Movement is greatest among Republicans. Trump’s favorability rating within the GOP has dropped by 12 percentage points, from a high of 69 percent in November to 57 percent now; the decline has occurred almost exclusively among Republican women. Cruz, +7 points to 60 percent favorable, is +13 points among strong conservatives overall, a core GOP group; 76 percent now rate him favorably.
Christie, the big gainer within his party, has advanced by 18 points among Republicans -– 35 percent favorable when last tested last spring, 53 percent now. While his rating is mid-tier comparatively, he’s supplanted Bush, who’s lost 12 points since November. Just 44 percent of Republicans now see Bush favorably, a dismal score in his own party. He’s at a new low in ABC/Post polling this election cycle; Cruz and Christie, at new highs.
Favorable or unfavorable opinions constitute the most basic measure of a public figure’s popularity, potentially a key factor in motivating voters to go to the polls – especially in low-turnout contests such as caucuses and most presidential primaries. Campaigns, as such, often look to boost their own candidate’s favorability –- or to pull down their opponents’.
Setting aside movement, top within-party ratings are held by Carson, Cruz, Rubio and Trump, seen favorably by 62 to 57 percent of Republicans, with Christie at 53 percent and Bush behind. Sanders is seen favorably by 58 percent of Democrats, in line with the top GOP in-party scores.
Most primary voters are party regulars, putting Clinton in a strong position, especially outside Iowa, an anything-can-happen contest marked by very low participation; and New Hampshire, where a disproportionate number of independents participate. Clinton’s favorability rating among independents is just 44 percent; Sanders’ is about the same, 46 percent. The GOP candidates’ favorability among independents ranges from 36 to 42 percent.
Cross-party ratings, for their part, underscore the extreme unpopularity of Clinton among Republicans (82 percent see her unfavorably) and of Trump among Democrats (85 percent give him the squint eye). Indeed, 67 percent of Republicans see Clinton “strongly” unfavorably and 71 percent of Democrats have a strongly negative view of Trump – high levels of strong sentiment.
Republicans are somewhat less critical of Sanders (63 percent see him unfavorably); the other top Republicans score similarly among Democrats, with unfavorable ratings of 61 to 68 percent. That includes a sharp 15-point jump in the number of Democrats viewing Carson negatively and +12 points in Democrats’ negative views of Rubio.
Reflecting the public’s general discontent with the state of politics, not one of these candidates has a majority favorable rating among all adults. Clinton and Sanders are close, at 48 and 44 percent, respectively. Cruz, Carson and Rubio are rated favorably by 42 to 40 percent of all adults; Trump, Christie and Bush by 35 percent. A crowd-topping 62 percent of Americans see Trump unfavorably; his only rival there is Bush, 58 percent negative.
Bill Clinton tops the popularity list with a 53 percent favorability rating – but that’s down by 10 points compared with spring 2014, as he’s re-entered the political fray on his wife’s behalf.
There are some telling differences among groups. Trump’s favorability rating is just 18 percent among Hispanics and blacks alike, vs. 44 percent among whites. And Trump is seen favorably only by 28 percent of women, vs. 42 percent of men.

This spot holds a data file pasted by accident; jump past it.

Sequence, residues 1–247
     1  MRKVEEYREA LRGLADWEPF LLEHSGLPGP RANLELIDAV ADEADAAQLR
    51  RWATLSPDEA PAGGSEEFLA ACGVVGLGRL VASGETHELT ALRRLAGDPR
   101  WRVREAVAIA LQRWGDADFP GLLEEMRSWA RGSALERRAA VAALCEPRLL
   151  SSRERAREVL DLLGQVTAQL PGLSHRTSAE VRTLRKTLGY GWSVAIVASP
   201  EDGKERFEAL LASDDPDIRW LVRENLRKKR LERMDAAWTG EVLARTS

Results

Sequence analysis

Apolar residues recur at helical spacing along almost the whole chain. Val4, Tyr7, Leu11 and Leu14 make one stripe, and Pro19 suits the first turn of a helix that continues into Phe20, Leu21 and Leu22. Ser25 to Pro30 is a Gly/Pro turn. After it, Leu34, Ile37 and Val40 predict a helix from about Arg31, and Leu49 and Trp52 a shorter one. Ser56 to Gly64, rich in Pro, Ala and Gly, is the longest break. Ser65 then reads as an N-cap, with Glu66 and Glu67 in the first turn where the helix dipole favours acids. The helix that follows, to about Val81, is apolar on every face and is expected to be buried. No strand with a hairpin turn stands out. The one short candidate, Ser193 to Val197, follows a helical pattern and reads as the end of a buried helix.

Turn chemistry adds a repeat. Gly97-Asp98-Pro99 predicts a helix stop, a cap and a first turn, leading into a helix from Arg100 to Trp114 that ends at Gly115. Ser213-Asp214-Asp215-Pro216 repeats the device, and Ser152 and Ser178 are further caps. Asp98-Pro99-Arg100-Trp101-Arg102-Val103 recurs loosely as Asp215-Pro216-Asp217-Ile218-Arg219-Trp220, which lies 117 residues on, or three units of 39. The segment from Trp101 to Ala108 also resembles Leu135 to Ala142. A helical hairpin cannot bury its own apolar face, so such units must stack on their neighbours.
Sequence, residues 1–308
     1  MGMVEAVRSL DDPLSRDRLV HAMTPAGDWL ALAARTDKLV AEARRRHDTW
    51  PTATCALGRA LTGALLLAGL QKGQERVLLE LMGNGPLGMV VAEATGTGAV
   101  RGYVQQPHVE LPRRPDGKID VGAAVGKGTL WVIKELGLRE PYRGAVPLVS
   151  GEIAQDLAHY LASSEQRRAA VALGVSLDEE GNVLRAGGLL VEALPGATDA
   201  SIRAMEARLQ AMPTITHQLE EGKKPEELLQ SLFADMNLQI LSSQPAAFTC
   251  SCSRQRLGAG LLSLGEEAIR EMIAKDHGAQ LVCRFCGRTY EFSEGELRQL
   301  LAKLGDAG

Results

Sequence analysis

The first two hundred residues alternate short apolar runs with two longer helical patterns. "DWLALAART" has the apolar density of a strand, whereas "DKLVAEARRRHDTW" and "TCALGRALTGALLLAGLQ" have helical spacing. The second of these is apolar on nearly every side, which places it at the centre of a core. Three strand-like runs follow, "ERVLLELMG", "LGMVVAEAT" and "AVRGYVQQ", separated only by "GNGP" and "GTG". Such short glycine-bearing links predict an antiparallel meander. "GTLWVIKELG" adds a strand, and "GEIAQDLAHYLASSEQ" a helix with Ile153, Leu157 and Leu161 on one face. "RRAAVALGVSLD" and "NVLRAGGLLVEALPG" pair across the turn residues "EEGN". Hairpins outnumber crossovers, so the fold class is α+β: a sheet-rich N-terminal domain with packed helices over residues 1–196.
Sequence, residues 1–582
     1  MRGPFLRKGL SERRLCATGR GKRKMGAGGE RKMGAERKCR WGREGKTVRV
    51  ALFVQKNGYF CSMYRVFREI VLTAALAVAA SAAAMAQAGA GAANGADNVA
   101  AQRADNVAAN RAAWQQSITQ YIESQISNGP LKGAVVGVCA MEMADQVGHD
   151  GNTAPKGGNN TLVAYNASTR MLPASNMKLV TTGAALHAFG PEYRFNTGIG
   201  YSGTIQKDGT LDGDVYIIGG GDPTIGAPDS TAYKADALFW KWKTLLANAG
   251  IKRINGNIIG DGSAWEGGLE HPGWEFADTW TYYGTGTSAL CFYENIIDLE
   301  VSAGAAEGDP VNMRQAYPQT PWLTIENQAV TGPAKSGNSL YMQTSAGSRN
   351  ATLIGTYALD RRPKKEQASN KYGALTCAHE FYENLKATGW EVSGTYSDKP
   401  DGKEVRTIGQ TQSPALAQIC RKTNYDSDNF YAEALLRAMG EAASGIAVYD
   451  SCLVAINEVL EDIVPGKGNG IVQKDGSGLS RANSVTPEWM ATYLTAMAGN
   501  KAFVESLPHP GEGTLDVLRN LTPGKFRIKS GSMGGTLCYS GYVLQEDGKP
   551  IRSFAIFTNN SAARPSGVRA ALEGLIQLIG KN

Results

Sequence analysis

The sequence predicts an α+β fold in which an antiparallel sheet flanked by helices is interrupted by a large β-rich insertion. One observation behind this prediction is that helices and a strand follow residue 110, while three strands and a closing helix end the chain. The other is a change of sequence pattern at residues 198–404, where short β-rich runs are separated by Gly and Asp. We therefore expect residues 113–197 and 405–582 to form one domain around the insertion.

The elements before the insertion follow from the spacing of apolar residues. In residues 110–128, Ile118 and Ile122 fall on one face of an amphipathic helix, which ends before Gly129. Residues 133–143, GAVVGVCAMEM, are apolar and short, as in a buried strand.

There’s a sharp gender gap on Trump even within the GOP: He’s popular with 67 percent of Republican men, compared with 48 percent of Republican women. He’s lost 19 points among GOP women since November, vs. a scant -3 among GOP men. He also has dropped 16 points among less-educated Republicans, one of Trump’s central support groups.
Bush, Rubio and Cruz stand out among their peers with favorable ratings of 44, 37 and 35 percent, respectively, among Hispanics, a growing population group. Sanders, generally weak among racial and ethnic minorities, is at 36 percent among Hispanics.
Clinton, by contrast, is seen favorably by 61 percent of Hispanics, as well as by 86 percent of blacks. Her favorability among whites, though, dives to 38 percent, 5 points shy of Sanders and trailing Carson, Cruz, Trump and Rubio alike (but not Christie or Bush).
Some of Christie’s advance seems to reflect a sharpening of the partisan lens. Compared with ABC/Post data from last May, he’s seen his biggest gains among conservatives (+23 points) and within his own party (+18). But he’s also advanced among independents (+14).
On the Democratic side, Sanders’ 56 percent favorability among adults younger than 30 compares with Clinton’s 45 percent; however Sanders falls off among those 30 and up. Also, Sanders does best among adults with $100,000-plus incomes (56 percent favorable), while Clinton’s best group is the less-than-$50,000 bracket (53 percent).
Finally, as noted, there’s a sharp gender gap in Clinton’s support: She’s seen favorably by 55 percent of women overall, compared with 41 percent of men – a reverse of the gender gap in views of Trump.
This ABC News/Washington Post poll was conducted by landline and cell phone Jan. 6-10, 2016, in English and Spanish, among a random national sample of 1,000 adults, including 277 Republicans, 316 Democrats and 359 independents. Results have a margin of sampling error of 4 points for the full sample, and 7.5, 7 and 6.5 points for Republicans, Democrats and independents, respectively. The survey was produced for ABC News by Langer Research Associates of New York, N.Y., with sampling, data collection and tabulation by SSRS of Media, Pa. See details on the survey’s methodology here.